​Fighting the Shadow Social Environment

When a college built on exclusion declares war against exclusivity

If you’ve ever played the Legend of Zelda: Ocarina of Time on the Nintendo 64, you know the hardest part of the game is fighting Shadow Link. Allow me to set the scene: In this classic fantasy adventure video game, you play as Link, the Hero of Time, who saves Princess Zelda from evil Lord Ganondorf. You have to solve absurdly intricate puzzles and fight endless creepy foes—the worst of which is Shadow Link, your dark evil-twin-mini-boss lurking in the dreaded Water Temple. Shadow Link is nearly impossible to defeat because he fights exactly like you do. He parries every sword strike, mercilessly slices every exposed sliver of digitized flesh, and laughs that maddening electronic cackle every time you die. (The “Game Over” jingle still gives me nightmares.) Shadow Link is the hardest enemy of the game because no one knows how to fight himself.

No one, that is, except Harvard. In her recent op-ed, University President Drew G. Faust denounced the “shadow social environment” created by the College’s “discriminatory and exclusionary organizations” such as final clubs, fraternities, and sororities. The Crimson Editorial Board recently joined Faust in this stand against exclusivity, arguing that such groups perpetrate “outdated notions of elitism, classism, and exclusivity on campus.” These arguments, gleaming in the heroic rhetoric of inclusivity, try to pit Harvard the Hero of Time against his evil enemy, Shadow Social Environment. But no matter how loudly we claim to stand against exclusivity, the truth is that Harvard’s undergraduate culture is still pervaded by it. The administration’s social group-banning sword strikes and community-promoting spin moves are bound to fail—because the exclusive shadow Harvard is fighting against is really itself.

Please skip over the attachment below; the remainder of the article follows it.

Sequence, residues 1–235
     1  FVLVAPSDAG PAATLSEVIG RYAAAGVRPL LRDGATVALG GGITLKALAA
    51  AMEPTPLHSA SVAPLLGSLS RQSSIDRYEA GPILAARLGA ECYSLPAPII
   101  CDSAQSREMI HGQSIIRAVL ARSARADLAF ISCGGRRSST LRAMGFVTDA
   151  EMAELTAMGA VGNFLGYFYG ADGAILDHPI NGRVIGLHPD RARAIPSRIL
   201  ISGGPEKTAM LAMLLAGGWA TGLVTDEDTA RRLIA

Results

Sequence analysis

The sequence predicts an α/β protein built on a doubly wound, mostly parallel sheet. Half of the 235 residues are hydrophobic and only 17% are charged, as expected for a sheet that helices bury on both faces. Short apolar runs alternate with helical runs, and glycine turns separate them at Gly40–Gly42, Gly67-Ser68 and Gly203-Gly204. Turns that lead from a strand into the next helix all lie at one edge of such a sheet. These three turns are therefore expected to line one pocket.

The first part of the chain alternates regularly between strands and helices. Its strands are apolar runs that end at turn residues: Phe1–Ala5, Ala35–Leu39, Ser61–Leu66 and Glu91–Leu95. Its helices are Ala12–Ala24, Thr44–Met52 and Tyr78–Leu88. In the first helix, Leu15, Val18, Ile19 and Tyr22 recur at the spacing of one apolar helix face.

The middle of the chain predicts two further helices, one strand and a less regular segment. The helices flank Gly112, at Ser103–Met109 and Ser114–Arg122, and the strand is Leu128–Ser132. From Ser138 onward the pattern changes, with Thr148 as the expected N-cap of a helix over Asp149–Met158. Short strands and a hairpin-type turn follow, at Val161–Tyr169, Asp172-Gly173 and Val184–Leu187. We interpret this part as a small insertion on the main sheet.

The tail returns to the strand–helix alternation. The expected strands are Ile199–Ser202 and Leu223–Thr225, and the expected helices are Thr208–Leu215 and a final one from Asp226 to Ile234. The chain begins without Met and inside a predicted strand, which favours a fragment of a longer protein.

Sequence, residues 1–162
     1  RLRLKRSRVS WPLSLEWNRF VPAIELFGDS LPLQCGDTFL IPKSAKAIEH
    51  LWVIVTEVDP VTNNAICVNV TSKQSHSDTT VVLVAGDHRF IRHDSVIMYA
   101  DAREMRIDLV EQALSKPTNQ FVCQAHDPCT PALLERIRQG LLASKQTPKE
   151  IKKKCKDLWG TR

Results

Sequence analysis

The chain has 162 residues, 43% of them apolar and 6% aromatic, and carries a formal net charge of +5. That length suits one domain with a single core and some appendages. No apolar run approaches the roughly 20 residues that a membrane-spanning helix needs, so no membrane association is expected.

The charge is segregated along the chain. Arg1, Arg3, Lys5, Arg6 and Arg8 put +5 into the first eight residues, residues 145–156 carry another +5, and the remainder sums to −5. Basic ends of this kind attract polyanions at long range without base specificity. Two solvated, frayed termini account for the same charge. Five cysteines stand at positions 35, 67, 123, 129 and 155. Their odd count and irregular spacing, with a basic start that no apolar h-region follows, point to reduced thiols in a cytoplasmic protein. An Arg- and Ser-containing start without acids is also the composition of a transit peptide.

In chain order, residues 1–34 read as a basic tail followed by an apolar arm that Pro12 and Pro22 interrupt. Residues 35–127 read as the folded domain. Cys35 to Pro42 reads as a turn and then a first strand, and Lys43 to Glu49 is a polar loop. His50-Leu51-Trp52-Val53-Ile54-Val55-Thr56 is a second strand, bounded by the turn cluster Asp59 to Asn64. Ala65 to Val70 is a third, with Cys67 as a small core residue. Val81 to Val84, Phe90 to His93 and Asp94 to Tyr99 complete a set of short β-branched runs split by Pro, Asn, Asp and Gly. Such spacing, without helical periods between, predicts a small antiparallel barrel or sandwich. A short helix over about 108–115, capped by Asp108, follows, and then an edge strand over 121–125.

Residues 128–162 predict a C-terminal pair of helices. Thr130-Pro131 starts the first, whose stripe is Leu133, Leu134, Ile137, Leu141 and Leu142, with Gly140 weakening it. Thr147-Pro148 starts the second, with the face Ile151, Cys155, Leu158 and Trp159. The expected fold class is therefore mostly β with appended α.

Exclusivity saturates student social life, and for better or worse, it permeates far beyond unrecognized single-gender social organizations. Take the notorious Harvard “comp.” To participate in nearly any extracurricular organization, students must first jostle through a series of admission requirements termed the “comp”—originally for “competence,” but more realistically for “competition.” From auditions and call-backs to interviews and writing quotas, Harvard undergraduates must win their spot in the social sphere by excluding someone else from doing the same. After competing for admission, Harvard students must compete for community. By no means are these groups the only way to find friends or pursue interests on campus, but the opportunity to develop skills, practice leadership, and win prestige certainly makes them the most desirable way of doing so.


So as Faust tackles USGSOs to defend “the ideals of inclusion against the incursions of discrimination and exclusion in student life,” and as The Crimson Editorial Board urges Harvard to “ensure that student organizations do not further perpetuate exclusivity,” the comp’s fight for membership continues to weed out willing participants with the very “rules and processes of discrimination and exclusion” that Faust claims to condemn in her op-ed.